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Open Access Publications from the University of California

Why Latinos Supported Proposition 187: Testing the Economic Threat and Cultural Identity Hypotheses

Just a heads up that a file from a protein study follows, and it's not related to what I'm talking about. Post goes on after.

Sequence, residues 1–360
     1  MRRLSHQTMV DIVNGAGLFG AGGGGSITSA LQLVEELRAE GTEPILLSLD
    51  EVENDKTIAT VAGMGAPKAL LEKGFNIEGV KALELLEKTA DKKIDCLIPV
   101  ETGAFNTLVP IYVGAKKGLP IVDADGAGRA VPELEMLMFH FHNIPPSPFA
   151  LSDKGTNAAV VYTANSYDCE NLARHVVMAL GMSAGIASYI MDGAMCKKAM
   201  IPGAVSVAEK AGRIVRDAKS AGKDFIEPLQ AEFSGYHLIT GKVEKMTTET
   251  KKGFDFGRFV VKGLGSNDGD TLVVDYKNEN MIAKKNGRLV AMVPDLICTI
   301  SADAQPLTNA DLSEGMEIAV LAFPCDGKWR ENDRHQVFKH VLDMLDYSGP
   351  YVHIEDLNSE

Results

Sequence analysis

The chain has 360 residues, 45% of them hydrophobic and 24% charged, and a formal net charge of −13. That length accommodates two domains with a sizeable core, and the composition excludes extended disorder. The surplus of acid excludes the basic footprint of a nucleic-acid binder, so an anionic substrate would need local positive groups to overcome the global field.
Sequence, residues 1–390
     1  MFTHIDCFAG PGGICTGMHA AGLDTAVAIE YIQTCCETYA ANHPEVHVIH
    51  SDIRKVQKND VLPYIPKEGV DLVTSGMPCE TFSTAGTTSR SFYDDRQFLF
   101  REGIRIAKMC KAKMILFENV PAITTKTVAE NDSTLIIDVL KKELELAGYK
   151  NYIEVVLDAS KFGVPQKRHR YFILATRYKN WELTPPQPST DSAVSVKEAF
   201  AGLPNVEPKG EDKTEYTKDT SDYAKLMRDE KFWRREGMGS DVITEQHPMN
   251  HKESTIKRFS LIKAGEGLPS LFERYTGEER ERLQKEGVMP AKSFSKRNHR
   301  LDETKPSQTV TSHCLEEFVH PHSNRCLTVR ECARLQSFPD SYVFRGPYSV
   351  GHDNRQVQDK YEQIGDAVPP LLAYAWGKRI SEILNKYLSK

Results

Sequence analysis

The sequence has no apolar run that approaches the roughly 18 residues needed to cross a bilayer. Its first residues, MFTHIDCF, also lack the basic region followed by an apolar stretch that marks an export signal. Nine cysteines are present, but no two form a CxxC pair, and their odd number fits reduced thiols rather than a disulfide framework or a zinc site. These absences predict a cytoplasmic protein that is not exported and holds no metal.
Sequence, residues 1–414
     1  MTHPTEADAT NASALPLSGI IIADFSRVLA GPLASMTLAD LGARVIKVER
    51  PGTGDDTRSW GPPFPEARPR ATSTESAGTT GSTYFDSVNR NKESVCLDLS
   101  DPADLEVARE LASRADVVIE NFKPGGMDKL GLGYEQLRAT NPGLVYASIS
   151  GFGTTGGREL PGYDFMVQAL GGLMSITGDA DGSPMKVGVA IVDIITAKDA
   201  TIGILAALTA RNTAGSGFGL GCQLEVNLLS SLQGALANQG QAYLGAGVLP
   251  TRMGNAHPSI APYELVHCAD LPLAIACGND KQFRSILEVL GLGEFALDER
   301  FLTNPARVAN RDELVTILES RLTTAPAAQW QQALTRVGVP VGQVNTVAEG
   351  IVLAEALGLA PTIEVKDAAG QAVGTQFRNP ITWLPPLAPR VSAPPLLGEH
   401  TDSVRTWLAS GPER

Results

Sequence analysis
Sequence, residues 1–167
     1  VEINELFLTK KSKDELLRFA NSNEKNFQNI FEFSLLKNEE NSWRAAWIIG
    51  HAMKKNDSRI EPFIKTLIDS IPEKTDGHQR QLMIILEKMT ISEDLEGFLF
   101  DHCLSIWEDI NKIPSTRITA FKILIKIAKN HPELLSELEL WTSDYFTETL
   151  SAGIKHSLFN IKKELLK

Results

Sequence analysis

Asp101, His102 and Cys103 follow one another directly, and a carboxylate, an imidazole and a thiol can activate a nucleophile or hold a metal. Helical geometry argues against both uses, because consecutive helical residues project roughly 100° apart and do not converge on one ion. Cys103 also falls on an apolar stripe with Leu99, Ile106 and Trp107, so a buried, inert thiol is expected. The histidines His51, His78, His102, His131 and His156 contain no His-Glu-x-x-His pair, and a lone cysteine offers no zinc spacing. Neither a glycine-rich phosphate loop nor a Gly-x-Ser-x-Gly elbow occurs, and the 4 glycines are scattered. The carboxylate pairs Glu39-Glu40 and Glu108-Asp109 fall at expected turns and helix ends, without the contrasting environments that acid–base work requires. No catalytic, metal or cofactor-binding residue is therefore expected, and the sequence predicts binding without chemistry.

Objective. This study explores factors that can either undermine or bolster political solidarity based on a shared "Latino" group identity by testing them within the context of Proposition 187. Methods. This research analyzes data from Field Polls conducted in October 1994, shortly before the general election where Proposition 187 appeared. Results. A set of multivariate analyses reveals that Latino support for 187 did not come from Latinos most likely to be economically threatened by immigration. Instead, Latinos who are non-citizens and who use Spanish as a primary language overwhelmingly opposed Proposition 187 because these are the Latinos who are most likely to face discrimination with the passage of the measure. Latinos who speak English and are citizens may have perceived no threat from 187, explaining why the supported the measure. The findings for Anglos corroborate other research showing that support for Proposition 187 was ideologically driven. Conclusion. The findings refine our understanding of the Latino population by 1) demonstrating that the group is not monolithic, and 2) identifying how issues of assimilation and cultural identity function to forge political divisions among Latinos.

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